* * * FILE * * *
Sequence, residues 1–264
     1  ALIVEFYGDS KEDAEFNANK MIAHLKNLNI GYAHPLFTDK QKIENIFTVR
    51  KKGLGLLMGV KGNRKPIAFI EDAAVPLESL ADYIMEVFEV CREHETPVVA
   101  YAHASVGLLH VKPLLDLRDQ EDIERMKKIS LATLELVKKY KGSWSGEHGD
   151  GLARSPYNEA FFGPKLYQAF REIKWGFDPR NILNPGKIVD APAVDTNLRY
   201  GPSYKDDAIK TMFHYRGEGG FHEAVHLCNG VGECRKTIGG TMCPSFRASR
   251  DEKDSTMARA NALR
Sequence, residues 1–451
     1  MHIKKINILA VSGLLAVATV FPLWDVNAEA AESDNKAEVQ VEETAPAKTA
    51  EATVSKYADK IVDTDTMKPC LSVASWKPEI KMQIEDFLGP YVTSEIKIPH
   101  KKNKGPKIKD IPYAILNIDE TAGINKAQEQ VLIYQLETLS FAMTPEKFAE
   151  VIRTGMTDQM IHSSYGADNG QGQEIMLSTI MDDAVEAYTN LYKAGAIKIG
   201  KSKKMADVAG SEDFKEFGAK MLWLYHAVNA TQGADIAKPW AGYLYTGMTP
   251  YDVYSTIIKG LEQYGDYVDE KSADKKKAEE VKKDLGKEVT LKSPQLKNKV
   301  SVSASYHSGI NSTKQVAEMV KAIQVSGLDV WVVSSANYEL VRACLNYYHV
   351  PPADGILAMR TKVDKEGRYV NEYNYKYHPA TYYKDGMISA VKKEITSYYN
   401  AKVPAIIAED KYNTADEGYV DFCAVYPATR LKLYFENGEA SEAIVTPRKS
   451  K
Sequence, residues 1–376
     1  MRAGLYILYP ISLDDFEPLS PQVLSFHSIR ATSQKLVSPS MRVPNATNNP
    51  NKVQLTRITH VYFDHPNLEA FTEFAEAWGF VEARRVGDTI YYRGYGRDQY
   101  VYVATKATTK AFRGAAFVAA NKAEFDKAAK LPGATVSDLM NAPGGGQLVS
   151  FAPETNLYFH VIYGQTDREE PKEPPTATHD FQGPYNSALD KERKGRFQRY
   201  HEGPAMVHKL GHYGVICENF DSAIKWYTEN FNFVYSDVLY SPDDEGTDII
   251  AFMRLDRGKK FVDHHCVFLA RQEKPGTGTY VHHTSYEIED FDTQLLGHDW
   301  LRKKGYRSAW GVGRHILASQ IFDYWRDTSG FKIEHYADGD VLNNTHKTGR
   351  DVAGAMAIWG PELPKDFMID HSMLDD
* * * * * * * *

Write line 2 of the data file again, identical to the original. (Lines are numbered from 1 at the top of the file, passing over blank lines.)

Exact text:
     1  ALIVEFYGDS KEDAEFNANK MIAHLKNLNI GYAHPLFTDK QKIENIFTVR